~amey
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ultraviolet
« Reply #14 on: July 28, 2006 10:07:32 PM »

ALso, have you all seen this: http://tabberone.com/Trademarks/trademarks.html  They claim that it is NOT a copyright violation to make items for sale from a purchased pattern (ie. I can buy a Butterick pattern and make the dress to sell) - I think what might be a violation would be to sell it by calling it a Butterick dress.  I'm curious to know the real skinny on that, honestly. 

I took a copyright class and asked about this issue and was told that you cannot make a profit from something you made using someone else's pattern (without permission anyway). Do you know who is the author of the website you listed? I can't figure out where their information is from or how accurate it is. This is definitely something I want to learn more about.
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maritimah
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« Reply #15 on: July 29, 2006 12:11:45 AM »

ALso, have you all seen this: http://tabberone.com/Trademarks/trademarks.html  They claim that it is NOT a copyright violation to make items for sale from a purchased pattern (ie. I can buy a Butterick pattern and make the dress to sell) - I think what might be a violation would be to sell it by calling it a Butterick dress.  I'm curious to know the real skinny on that, honestly. 

I took a copyright class and asked about this issue and was told that you cannot make a profit from something you made using someone else's pattern (without permission anyway). Do you know who is the author of the website you listed? I can't figure out where their information is from or how accurate it is. This is definitely something I want to learn more about.

It's unclear from the Tabbarone site whether they're talking about copyrights or trademarks. It's not a trademark violation (in North America at least) to recon a shirt with a Coke logo on it and sell it, but it might be a copyright violation to make a dress out of a Butterick pattern and sell it. For example, in Canada, drawings/charts/plans are protected by copyright provided they are original and if you make something following that plan/chart/drawing (a dress or a house or an engine or whatever) then you might infringe on that copyright. It seems like the question comes down to whether or not the resulting object is original or not - a basic shift dress pattern might not be considered original (because it might not involve any creativity on the part of the creator) but a dress that has a really unique construction or cut could be protected by copyright as creative. I'm just about to finish a pretty intensive summer of international and comparative intellectual property law, and it's all still pretty complicated to me. This is definitely one of the grey areas in that it's so difficult to catch.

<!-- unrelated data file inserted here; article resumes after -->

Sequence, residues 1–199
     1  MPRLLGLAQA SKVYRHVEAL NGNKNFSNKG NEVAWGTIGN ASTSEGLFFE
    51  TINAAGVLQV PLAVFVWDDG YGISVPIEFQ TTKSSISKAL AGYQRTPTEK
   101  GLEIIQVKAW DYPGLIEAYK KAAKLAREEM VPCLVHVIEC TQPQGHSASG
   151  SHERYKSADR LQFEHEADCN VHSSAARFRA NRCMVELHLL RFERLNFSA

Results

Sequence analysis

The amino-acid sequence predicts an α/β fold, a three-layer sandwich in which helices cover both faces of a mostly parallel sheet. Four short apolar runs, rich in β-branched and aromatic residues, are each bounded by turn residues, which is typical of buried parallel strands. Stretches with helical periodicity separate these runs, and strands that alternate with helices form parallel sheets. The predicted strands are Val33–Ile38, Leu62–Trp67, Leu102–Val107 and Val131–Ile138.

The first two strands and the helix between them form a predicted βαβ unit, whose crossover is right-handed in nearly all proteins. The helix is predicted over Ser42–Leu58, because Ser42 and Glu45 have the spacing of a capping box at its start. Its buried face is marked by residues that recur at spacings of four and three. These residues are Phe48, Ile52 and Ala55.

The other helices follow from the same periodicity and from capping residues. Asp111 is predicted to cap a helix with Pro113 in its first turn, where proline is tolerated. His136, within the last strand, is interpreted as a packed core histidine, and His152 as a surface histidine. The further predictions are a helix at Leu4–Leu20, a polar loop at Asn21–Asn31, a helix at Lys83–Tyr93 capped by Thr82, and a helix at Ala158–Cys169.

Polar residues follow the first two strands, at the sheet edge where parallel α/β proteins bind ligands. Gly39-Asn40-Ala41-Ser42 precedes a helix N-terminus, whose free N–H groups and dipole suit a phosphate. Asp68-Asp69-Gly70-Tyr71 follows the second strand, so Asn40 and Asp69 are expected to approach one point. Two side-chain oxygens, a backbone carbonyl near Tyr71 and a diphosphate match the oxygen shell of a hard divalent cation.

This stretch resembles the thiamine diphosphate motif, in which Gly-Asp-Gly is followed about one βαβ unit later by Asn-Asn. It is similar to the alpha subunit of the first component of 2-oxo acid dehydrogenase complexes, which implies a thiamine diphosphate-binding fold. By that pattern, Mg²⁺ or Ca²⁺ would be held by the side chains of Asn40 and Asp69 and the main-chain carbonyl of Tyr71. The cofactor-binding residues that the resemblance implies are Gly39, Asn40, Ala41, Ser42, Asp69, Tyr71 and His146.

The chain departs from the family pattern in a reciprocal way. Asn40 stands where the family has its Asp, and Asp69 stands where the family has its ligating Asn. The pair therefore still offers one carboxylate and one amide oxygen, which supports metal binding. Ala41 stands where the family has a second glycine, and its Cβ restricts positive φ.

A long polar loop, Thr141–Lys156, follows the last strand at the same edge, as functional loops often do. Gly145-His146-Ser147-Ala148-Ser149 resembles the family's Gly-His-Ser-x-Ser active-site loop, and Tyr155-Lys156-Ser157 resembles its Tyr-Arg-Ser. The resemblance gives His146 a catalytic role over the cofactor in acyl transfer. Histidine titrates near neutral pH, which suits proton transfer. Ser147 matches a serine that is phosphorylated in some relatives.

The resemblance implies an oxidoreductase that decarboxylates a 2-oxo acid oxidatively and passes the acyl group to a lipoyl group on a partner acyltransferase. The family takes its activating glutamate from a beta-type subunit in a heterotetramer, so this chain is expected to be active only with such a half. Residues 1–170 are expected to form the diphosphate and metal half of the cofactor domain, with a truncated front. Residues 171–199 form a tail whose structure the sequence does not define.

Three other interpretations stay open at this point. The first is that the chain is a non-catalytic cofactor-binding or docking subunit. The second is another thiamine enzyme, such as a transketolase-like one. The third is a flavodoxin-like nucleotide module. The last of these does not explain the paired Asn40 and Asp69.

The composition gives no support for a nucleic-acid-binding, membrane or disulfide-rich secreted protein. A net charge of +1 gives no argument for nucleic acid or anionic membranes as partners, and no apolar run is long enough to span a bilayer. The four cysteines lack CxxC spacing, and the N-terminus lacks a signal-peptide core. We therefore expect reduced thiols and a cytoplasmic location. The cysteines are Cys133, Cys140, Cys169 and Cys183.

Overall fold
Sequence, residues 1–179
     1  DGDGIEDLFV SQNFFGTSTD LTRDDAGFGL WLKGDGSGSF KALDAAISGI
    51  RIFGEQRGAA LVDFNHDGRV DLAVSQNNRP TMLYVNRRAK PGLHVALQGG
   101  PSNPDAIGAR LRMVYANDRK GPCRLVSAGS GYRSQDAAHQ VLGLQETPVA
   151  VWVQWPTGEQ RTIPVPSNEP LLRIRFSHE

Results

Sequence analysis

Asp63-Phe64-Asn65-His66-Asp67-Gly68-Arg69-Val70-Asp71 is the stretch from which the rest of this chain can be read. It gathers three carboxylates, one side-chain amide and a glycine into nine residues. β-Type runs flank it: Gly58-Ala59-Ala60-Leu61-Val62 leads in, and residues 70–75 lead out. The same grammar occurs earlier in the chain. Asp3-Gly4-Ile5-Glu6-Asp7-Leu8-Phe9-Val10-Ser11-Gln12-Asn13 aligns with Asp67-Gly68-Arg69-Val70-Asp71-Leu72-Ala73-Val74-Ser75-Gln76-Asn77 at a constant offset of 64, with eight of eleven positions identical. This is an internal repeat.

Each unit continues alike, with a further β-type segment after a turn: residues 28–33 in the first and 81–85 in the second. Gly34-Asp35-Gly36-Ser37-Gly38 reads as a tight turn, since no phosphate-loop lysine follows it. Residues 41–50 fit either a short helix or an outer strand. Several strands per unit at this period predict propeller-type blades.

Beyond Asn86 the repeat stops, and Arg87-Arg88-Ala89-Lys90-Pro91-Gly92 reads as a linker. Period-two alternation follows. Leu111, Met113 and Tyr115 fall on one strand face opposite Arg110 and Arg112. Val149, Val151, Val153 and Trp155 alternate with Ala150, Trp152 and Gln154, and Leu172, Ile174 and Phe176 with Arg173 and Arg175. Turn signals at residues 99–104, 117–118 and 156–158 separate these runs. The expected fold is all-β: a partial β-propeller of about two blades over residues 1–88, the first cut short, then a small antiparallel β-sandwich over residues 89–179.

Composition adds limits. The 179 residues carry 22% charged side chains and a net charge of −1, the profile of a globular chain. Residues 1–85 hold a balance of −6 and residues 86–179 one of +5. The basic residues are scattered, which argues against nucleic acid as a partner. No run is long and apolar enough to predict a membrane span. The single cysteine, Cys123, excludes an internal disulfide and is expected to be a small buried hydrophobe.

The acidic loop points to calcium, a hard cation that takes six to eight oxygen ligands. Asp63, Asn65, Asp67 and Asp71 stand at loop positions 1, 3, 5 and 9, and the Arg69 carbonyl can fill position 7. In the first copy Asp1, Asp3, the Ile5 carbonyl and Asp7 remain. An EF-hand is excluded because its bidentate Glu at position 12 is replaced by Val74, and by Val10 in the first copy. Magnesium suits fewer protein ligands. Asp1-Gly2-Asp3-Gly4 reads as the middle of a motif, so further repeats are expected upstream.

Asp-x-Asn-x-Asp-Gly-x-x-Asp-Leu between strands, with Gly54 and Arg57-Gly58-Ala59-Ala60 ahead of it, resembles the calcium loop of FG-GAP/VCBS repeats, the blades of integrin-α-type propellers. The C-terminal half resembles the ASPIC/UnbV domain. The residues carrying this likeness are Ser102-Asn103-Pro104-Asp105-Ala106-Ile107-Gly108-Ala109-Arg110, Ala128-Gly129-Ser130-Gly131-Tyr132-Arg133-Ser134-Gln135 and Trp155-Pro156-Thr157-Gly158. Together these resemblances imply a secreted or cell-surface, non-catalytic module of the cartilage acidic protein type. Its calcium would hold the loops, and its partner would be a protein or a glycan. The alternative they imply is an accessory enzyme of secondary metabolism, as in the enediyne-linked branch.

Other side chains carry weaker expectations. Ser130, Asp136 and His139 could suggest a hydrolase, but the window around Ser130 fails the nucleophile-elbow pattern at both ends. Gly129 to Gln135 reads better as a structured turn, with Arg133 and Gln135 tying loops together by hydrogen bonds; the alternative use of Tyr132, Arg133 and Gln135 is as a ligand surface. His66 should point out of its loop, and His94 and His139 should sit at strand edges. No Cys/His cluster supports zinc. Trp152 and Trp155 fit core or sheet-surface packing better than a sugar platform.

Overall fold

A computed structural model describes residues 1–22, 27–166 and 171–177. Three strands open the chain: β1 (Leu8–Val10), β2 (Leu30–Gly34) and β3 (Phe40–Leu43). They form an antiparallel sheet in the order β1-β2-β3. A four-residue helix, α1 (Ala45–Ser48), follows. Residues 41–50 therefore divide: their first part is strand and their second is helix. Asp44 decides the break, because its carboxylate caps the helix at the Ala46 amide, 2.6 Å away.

I should say that this is not legal advice. I'm graduating from law school in...5 days, and I have to mind my professional obligation not to give legal advice  Grin
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Lothruin
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« Reply #16 on: July 29, 2006 08:11:25 AM »

I'm under the impression that it is a copyright violation to make a product from someone's pattern because it is a derivative work, which are protected under copyright.  A pattern might be a simple scarf, and I think many of us agree that these are not really worthy of copyright protection, but the simple fact is that if someone writes down a pattern using a specific number of stitches, type of yarn and size of needle for a certain scarf, this is a fixed form for a specific pattern and it is copyright protected, as odd as that sounds.  You can't use that pattern to make and sell scarves, because you are making derivative works, or copies.  Of course, in that case it would be very difficult to prosecute, because anyone could have picked up a ball of the same yarn and used the same stitch pattern to make a scarf without ever having seen the original pattern, and that is NOT copyright infringement.  But...